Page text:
Brexit- unintended consequesences for international development

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Over a month ago now, Britain voted to leave the European Union and the unintended consequences  are gradually becoming apparent

We now have a new government in place whose biggest challenge is to follow through the will of the people by taking the country out of the EU , whilst the Labour Party, the main opposition political party in the UK is tearing itself apart as it seeks to replace its leader.

The impact of the vote to leave the EU on the economy is still unraveling and it has been reported that some amongst those who voted to leave will be impacted the most.

This is because such voters used the vote to protest against globalisation, specifically the fact that globalisation is not working for for them. As far as such voters are concerned globalisation has had negative outcomes for their  communities in the form of increased immigration, reduced wages, loss of jobs etc.

The vote to leave has had unintended consequences for those of us involved in poverty alleviation with implications for the livelihoods of the communities in which we work;

 The value of the pound

According to this report from the Overseas Development Institute  (ODI) the pound suffered a 10% devaluation post BREXIT with unintended consequences for projects budgets that had been set and agreed before the vote.

Let Them Help Themselves operates in Uganda and when we set our operational budget for 2016, the British pound was worth 4890 Ugandan shillings (UGX).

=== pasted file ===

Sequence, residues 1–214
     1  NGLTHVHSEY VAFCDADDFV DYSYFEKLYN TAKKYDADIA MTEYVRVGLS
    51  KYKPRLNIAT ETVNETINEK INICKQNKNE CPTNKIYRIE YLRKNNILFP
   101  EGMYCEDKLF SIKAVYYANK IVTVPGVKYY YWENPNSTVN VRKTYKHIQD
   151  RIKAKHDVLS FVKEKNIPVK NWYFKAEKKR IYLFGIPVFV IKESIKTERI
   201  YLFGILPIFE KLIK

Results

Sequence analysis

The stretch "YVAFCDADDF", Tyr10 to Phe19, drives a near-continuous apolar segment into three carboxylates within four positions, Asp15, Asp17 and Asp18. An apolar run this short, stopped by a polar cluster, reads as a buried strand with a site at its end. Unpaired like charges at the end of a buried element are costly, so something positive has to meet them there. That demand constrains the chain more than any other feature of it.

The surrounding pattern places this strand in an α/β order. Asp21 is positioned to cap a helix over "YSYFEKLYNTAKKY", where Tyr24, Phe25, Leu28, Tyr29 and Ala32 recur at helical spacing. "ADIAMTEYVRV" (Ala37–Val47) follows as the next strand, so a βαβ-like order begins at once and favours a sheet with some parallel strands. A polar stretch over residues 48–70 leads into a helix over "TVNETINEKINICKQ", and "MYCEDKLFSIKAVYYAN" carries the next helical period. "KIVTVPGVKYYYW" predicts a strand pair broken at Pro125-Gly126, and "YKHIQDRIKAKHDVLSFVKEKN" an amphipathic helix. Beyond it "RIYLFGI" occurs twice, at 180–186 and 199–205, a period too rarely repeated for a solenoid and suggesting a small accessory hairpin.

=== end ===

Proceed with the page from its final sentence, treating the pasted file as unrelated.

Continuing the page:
Post BREXIT the pound is currently worth 4326 UGX meaning a loss of 11.53% per pound.  This is a huge loss and has implications as to whether we can see a project through or not.

In one example, we applied for a grant November with a view to rolling out a poultry program for 31 women in Itojo Sub-county. That grant was eventually awarded at the end of June. Due to the devaluation of the pound, the budget we submitted in our proposal is no longer enough. We have lost a quarter of the value of the grant

As this is a program we have previously run, we now know that without further funds, we have to reduce the number of participants.

The devaluation of the pound has implications for remittances too. This is the money that Africans in the Diaspora send home to support day-to-day needs of those family members that stayed behind.

The value of those remittances is greater than Official Development Aid (ODA) and in the absence of social security protections, remittances provide a lifeline to millions of families in Africa.

International cooperation on Development

In my opinion, Britain is a leading authority on international development within the European Union (EU) and has been instrumental in the socialising  of good practice with respect to the EU’s Development Policy.

I am however concerned as to whether Britain will continue to influence the EU’s development policy whilst outside of the EU. This matters because the enlargement of the EU into Central and Eastern Europe brought with it countries that had no experience of Africa or development cooperation.

This situation has been compounded by the choice of Priti Patel as the new Secretary of State for International Development in the new government.

Priti Patel was one of the leading politicians to advocate for Britain to leave the EU and advocated for the scrapping  of the Department of International Development (DIFD). She is now calling Britain’s aid budget should be used to leverage trade deals with Third countries

Whilst I do not believe that aid should be simply handed out, if what Mrs Patel is proposing is implemented will not not produce the best outcomes for the poor.  In my opinion, this amounts to tying aid, a practice that Britain has fought to end.

With Britain out of the way, Central and Eastern European countries who have always advocated for tying aid to trade may well push for such  a change.

If you are involved in community development or poverty alleviation work please share your experience

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